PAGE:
I was acting in an independent feature film about a Brooklyn family that owned and operated a bakery that made and sold bagels. The plot centered on the conflict between the son and the father, and the future of the family business. We were shooting sequences out of order as was usual, and we were preparing for the final scene of the production. The situation was that the son and father are working together by the ovens, when the son tells the dad he's decided to abandon the business. I was playing the role of the son's best friend. My main purpose in the scene is to thwart a stick-up guy who enters with a ski mask and a gun, just as the father and son are arguing. But the real life complication was more desperate than the one in the film. Frankie Greene was playing the assailant, and he hadn't shown up yet. It was his only scene in the movie, and he just needed to say a few lines of dialogue.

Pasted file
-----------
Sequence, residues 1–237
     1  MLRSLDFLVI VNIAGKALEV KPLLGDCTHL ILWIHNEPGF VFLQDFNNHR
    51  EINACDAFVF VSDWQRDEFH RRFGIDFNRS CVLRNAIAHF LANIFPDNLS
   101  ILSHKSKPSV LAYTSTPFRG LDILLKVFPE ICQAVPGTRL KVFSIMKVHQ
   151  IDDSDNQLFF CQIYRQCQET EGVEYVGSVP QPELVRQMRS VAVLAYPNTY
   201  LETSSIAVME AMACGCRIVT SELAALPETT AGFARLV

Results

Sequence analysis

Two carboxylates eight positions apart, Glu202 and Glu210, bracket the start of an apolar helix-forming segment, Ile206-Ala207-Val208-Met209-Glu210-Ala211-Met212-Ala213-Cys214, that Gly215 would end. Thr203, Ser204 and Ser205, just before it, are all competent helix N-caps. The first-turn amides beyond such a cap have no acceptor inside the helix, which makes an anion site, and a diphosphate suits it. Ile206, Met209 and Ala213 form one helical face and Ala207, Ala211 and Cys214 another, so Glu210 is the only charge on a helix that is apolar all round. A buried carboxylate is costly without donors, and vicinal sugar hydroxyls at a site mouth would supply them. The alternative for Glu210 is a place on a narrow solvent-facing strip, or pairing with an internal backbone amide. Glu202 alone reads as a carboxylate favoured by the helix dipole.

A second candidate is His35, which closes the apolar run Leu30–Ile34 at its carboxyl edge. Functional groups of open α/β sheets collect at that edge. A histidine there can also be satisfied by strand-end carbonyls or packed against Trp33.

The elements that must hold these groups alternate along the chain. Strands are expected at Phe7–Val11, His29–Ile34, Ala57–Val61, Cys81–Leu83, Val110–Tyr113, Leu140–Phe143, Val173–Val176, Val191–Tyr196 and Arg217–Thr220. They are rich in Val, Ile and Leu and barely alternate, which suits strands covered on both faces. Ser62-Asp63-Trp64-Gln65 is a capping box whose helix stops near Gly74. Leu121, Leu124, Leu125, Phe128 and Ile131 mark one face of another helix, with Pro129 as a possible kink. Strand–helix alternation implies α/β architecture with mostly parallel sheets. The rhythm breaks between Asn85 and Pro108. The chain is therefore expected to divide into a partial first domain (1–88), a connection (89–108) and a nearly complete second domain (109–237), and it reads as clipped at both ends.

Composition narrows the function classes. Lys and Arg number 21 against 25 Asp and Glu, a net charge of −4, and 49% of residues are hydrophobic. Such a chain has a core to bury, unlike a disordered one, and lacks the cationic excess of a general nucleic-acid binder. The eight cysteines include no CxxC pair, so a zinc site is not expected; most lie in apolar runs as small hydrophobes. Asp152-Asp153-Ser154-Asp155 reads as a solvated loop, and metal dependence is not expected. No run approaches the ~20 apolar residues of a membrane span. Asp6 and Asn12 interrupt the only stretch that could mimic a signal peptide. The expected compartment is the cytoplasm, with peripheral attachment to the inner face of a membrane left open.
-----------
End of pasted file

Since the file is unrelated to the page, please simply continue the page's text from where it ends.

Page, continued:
We were shooting in a real bagel store. Ralph Bouton, the director, had been able to locate a bagel business in Brooklyn whose owner allowed us to use his store as a set, provided we limited filming to the hours when the shop was closed - midnight to six. Ralph sealed the deal by guaranteeing that the name of the bagel shop would be displayed prominently in the credits.

Ralph had remarked that the reality of a real bagel shop would be an asset to the project. He claimed that working in the middle of the night would heighten the oppressiveness of the atmosphere, and thereby increase the tension between the actors. It was also a way to save money on production. It was a low budget film, and we were working for minimum SAG wages. The carrot that enticed all of us was that Ralph knew lots of film people, so if the film was even modestly successful, we'd have a chance to meet some directors and casting people. We had been shooting for three weeks, and the main thought on our minds was that we were finally wrapping things up. But where was Frankie?